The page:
Walker blames a few “radical” Dems for upcoming layoffs
Early Thursday, Wisconsin Senate Republicans adopted a resolution to find the 14 Wisconsin Democrat Senators who have fled the state in contempt of the Senate if they did not return to Madison by 4 pm. Four o’clock passed and the Democrats remain in Illinois, which subjects them to detention by any Wisconsin police authority should they return.
But will the police be willing to arrest them Senators if they find them?
James Palmer, executive director of the Wisconsin Professional Police Association said the GOP resolution is “insanely wrong” and an “unreasonable abuse of police power.”
The WPPA represents nearly 11,000 active and retired law enforcement officers across Wisconsin.
“Politics aside, encouraging the forcible detention of duly elected lawmakers because they won’t allow you to dictate with a free hand is an unreasonable abuse of police power,” Palmer said. “Due to the fact that Wisconsin officers lack any jurisdiction across state lines, does Senator Fitzgerald intend to establish a ‘lawmaker border patrol? The thought of using law enforcement officers to exercise force in order to achieve a political objective is insanely wrong and Wisconsin sorely needs reasonable solutions and not potentially dangerous political theatrics.”
Democratic Senator Chris Larson of Milwaukee denies any division within the caucus. In a phone interview with WTMJ-4, Larson said “We’ve all been standing united” and that nobody has expressed a desire to break ranks.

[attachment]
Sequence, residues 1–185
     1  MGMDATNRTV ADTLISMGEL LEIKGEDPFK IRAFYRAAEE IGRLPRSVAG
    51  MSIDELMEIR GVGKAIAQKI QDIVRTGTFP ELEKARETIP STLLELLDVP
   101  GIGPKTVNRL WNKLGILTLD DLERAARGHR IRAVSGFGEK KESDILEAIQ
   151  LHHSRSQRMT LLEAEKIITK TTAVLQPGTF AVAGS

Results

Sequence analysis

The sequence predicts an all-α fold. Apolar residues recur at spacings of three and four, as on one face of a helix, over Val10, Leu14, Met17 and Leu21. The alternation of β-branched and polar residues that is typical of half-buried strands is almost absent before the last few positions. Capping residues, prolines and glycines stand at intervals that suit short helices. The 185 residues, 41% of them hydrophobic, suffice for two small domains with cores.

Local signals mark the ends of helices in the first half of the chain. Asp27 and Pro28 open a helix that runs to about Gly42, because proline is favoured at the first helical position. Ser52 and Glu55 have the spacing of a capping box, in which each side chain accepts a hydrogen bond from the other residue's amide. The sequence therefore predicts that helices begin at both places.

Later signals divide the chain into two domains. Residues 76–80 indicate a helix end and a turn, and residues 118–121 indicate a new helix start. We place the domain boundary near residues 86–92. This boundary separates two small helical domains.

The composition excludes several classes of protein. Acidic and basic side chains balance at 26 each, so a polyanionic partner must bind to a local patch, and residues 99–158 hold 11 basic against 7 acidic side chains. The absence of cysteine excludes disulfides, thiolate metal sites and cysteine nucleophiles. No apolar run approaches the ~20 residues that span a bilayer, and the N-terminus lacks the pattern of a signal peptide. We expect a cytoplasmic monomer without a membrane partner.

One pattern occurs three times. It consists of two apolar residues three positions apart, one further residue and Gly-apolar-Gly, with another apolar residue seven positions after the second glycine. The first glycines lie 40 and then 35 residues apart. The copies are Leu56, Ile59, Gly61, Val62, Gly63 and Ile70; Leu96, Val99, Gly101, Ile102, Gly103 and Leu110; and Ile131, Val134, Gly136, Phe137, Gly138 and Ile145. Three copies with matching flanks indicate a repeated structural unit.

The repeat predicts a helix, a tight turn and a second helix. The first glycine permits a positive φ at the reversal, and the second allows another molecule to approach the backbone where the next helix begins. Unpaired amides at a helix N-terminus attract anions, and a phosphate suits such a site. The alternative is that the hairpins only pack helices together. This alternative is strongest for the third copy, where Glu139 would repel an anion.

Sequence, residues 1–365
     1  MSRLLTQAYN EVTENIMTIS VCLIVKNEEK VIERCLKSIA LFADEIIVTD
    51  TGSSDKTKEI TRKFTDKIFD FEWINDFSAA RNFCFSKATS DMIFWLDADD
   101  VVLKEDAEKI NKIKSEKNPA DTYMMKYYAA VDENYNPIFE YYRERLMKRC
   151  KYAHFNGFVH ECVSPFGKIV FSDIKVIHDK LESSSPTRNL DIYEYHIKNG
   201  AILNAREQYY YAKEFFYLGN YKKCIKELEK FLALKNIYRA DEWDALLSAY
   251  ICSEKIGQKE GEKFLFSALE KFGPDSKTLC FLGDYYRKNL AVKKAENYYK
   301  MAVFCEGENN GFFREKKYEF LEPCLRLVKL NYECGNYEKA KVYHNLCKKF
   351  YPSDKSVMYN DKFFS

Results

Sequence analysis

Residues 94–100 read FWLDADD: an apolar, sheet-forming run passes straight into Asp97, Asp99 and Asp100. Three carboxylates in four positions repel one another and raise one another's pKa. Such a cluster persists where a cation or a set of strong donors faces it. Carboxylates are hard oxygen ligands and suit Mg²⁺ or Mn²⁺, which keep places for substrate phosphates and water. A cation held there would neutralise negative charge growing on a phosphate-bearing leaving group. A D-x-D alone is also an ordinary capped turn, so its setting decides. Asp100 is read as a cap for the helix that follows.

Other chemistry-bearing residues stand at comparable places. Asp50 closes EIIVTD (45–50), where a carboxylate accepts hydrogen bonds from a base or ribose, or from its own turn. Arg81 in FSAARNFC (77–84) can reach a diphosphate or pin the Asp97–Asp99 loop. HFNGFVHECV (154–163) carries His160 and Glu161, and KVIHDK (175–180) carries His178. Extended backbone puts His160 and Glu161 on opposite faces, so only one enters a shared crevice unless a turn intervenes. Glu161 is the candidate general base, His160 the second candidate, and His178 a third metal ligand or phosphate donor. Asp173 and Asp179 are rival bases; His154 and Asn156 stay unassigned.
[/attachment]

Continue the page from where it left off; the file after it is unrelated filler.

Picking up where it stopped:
“I think it’s unfortunate that he (Walker) is resorting to name-calling while the Republicans are resorting to petty tactics,” including holding paychecks, taking over staff and office tools and diverting police resources to clear the capitol and search for the Senators.
So what about those estimated 1,500 pink slips? If those go out Friday, it raises the question of whether those cuts will count toward the over 8,000 public positions slated for elimination in the new budget, not including the over 17,000 jobs cut from the public rolls if Walker is successful in severing UW-Madison from the state system.
Walker used the word “frustration” over a dozen times in his 9-minute speech Thursday evening. The Democrats are also frustrated. “This was our best day of negotiations so far,” said Larson. He called the press conference “a surprise,” and theorized that today’s negotiations were not held in good faith.
“Instead of bringing us closer together like a true leader should, he’s continuing to divide the middle class.”